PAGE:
There’s a certain percentage of folks who, let’s face it, think any money spent on roads for any purpose other than making the asphalt as smooth as possible, and the automotive trip from Point A to Point B as fast as possible, is a giant fucking waste of money.
BetterBurque doesn’t like to curse, but the expletive is needed here.
The question is how big that “certain percentage” is. Reading comments to stories about bike lanes and pedestrians, one might get the impression it’s damn close to 100%. Is “damn” still a cuss word? Anyway, just to pick one from a seemingly infinite number of such online responses, here’s what a certain “Chuck Carter” thinks of Tulsa, Oklahoma spending $70,000 to have noted urban planner Jeff Speck conduct a walkability study of the city:
“What a waste of taxpayer money. we are already hurting financially and now we waste 70,000 dollars.”
I picked this comment, as it’s relatively benign and not nearly as long as many such comments often go. This “certain percentage” can ramble as bad as BetterBurque on its worst day. We think you get the basic idea and paradigm of this certain percentage of folks.
And today’s blogpost really isn’t about these folks and what they think at all.
Instead, we’re gonna look at something today that EVERYBODY can agree is a total fucking waste of money.
We refer to the $29,000 spent by the City of Albuquerque to first place, and then remove, a bike lane at Encantado Road N.E. just east of Tramway Boulevard. To give you some context, here’s what Encantado looked like before the placement of the bike lane:
And now, zooming in a bit, here….wait for it…wait for it… is what the section near the guardrail pictured above looked like after placement of the bike lane:
No that is not Photoshopped, folks. That’s the bike lane ending directly, precisely and inexorably into the guardrail at Encantado just east of Tramway.
We know, it really does looked Photoshopped. Little details, such as the paint blob where it looks like they decided “NO, we shouldn’t have this curve continue, we should instead go straight into the fucking guardrail,” are priceless. Fucking priceless.
They say a picture is worth a thousand words, and this picture is worth a 1,000 repetitions of the word “fuck.” Sorry, but it’s true.
Long story short, the City heard from quite a few folks, some probably employing repetitions of the word…well, you know the word, and it was decided that this bike lane “treatment” was somewhat less than optimal. So the City decided to remove the bike lane, leaving a new, rather inexplicable, parking lane instead.
It cost $19,000 for the bike lane and another $10,000 to remove it. Yeah, that’s $29,000. And while we at BetterBurque have to admit we’ve laughed many, many times looking at the photo of the bike lane going into the guardrail, we admit $29,000 for a joke is kinda pricey. And in our guilt over laughing about it, we’ve come up with another way to spend about $29,000 on bicycle infrastructure that might be frivolous and may be better spent on other things, but sure as Hell ain’t as stupid as spending $29,000 to put down an idiotic bike lane and then take it back up.
We refer to purchase and installation of one of these:
It’s an “Eco-Totem” bike counter (this one’s in Boulder) put out by the firm “Eco-Counter” in Montreal. BetterBurque saw one in Montreal while spending a month riding bikeshare there. In fact, it was this one:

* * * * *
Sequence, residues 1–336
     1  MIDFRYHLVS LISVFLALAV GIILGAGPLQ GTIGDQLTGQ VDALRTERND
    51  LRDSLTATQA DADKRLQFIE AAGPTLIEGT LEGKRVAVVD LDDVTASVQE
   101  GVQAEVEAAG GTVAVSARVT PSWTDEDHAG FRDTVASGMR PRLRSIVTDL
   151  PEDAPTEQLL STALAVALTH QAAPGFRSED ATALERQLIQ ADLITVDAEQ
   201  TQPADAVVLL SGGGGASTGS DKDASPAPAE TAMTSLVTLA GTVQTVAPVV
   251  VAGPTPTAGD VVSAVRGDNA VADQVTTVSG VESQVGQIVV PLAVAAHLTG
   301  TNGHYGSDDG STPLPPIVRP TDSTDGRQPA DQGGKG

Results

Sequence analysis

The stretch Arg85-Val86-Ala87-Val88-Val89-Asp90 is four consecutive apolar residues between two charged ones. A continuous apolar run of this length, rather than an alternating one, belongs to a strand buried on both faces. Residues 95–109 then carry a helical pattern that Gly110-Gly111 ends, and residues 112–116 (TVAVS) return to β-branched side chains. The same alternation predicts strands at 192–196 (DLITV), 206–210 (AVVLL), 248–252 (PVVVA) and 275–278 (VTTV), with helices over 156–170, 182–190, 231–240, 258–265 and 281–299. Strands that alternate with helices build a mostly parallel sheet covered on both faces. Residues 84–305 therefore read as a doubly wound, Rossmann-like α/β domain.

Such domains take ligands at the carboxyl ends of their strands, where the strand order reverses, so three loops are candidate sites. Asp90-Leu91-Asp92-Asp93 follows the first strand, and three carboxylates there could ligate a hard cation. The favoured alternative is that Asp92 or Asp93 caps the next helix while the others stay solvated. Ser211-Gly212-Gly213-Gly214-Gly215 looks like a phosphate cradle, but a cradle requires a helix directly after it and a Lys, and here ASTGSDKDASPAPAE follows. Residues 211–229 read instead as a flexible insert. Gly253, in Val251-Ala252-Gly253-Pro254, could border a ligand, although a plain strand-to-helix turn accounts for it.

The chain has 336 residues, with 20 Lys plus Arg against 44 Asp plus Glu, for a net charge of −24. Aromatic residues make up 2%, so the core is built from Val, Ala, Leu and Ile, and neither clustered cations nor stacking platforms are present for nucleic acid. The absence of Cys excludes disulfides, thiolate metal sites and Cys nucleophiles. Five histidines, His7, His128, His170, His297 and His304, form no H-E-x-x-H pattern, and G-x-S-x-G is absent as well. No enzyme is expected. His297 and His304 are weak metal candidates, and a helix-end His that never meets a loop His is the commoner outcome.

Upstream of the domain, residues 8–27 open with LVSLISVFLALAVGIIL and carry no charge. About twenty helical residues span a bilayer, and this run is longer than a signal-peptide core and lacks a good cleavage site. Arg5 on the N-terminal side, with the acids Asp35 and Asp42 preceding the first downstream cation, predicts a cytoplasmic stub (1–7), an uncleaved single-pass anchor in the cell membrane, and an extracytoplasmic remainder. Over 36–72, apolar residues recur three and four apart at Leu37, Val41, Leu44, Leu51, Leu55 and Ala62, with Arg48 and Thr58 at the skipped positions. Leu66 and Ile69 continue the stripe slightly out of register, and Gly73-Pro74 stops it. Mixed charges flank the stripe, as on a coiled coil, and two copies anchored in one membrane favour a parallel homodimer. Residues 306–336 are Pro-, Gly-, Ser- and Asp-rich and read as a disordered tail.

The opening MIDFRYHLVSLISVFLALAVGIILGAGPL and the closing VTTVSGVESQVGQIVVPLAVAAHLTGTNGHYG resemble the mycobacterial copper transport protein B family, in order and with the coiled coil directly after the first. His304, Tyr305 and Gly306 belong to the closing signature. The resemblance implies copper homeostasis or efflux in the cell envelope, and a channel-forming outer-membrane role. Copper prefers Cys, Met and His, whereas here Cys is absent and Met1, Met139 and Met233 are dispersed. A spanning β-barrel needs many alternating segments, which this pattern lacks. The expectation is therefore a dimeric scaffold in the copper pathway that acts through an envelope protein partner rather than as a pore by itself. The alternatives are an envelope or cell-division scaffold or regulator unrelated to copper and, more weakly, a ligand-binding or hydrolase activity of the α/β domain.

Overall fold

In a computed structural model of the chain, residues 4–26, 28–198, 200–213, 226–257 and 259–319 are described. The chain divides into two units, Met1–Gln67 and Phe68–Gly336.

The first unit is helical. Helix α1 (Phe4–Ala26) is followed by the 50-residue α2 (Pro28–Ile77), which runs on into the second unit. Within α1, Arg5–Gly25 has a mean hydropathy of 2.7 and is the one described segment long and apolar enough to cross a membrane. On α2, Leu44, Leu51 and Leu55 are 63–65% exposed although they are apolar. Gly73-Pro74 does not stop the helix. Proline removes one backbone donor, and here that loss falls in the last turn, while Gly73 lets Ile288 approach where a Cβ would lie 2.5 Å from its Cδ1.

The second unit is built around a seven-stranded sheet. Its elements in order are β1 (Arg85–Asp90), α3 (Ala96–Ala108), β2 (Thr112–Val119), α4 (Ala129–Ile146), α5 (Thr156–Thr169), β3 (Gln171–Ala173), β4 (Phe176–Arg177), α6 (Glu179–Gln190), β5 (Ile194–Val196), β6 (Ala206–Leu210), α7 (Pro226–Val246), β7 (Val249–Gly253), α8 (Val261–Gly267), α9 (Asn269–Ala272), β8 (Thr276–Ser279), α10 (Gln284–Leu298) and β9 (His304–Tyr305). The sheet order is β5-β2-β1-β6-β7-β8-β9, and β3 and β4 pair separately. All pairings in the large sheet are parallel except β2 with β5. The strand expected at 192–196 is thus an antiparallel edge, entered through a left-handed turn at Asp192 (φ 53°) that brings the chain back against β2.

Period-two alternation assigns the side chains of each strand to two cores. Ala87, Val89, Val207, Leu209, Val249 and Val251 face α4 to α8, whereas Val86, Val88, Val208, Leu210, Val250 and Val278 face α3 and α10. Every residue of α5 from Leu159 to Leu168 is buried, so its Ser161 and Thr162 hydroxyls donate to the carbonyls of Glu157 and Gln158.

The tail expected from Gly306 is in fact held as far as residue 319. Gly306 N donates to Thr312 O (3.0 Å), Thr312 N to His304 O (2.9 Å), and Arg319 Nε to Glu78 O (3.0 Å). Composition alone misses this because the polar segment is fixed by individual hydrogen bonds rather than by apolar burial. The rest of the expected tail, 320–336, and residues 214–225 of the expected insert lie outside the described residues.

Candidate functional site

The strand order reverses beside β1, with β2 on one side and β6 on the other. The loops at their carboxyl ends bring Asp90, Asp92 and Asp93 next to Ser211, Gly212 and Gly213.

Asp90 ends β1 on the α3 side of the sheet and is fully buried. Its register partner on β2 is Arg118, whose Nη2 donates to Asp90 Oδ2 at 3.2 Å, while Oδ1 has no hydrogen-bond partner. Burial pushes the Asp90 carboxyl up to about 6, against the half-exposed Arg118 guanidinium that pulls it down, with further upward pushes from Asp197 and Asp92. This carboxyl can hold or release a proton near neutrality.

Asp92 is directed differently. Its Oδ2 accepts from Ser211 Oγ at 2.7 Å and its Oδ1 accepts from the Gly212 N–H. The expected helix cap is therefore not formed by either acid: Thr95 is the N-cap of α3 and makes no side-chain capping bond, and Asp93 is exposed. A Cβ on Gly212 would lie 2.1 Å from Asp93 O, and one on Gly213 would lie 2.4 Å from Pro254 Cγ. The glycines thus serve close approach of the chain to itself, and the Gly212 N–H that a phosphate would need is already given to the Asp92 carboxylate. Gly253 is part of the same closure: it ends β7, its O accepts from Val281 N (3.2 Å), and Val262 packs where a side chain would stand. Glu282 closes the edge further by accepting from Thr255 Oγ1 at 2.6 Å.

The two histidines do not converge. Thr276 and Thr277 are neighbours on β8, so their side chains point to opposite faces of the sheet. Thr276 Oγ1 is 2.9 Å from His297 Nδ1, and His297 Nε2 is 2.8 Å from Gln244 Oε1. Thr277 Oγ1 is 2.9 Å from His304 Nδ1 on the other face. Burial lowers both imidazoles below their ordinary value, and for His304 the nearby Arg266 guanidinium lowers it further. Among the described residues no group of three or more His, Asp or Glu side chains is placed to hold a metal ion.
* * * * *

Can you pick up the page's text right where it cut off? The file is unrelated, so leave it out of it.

By the way, if you get a chance to ride in Montreal, do it. Do it for a month.
Plenty of cities have these “eco-totems,” (Cambridge, MA, Chicago, Portland, OR, Seattle, etc.) and they cost about $25,000 to buy/install and there’s a bit of ongoing costs that would take us right up to the glorious $29,000 spent on the Encantado debacle. For $29,000 we’d also get Tweeted reports like this one from the very popular Rosslyn bike counter just outside Washington, D.C.:
Heck, the one in Rosslyn is so popular other folks Tweet photos of their friends taken with it:
Now as hilarious as it would have been to Tweet photos of friends taken next to the “bike lane” at Encantado, we can’t find any such photos (send ’em if you got ’em). Meanwhile, there’s plenty of folks making it a point to ride to the Rosslyn bike counter. It’s a destination. And yeah, it also counts how many bikes have ridden by it, which is kinda cool, especially in a city where getting accurate bike counts is harder than finding good Ethiopian food.
And yeah, it would also cost as much as the fucking debacle at Encantado, and would be seen by a certain percentage of Burqueans as a waste of fucking money. But would it be nearly as big as waste? Might it make just a tiny bit more sense than engineering a bike lane directly into a guardrail?
Anybody interested in such a counter can contact BetterBurque and help us put together ideas on funding sources, presentation materials and the like. Something truly good might come out of the Encantado mess, even if that something good is merely the debacle’s utility as a pathetic joke. Which it is. A pathetic fucking joke.
One thought on “Burque’s Encantado “Bike Lane” and Another Way to Blow $29,000 on Albuquerque Bicycle Infrastructure”
[…] 3, 2016: Your flash nonfiction narrator rants about these developments in anexpletive-filled post at his blog BetterBurque. Don’t read it; it’s just one cuss word after another. See, I told you not to read […]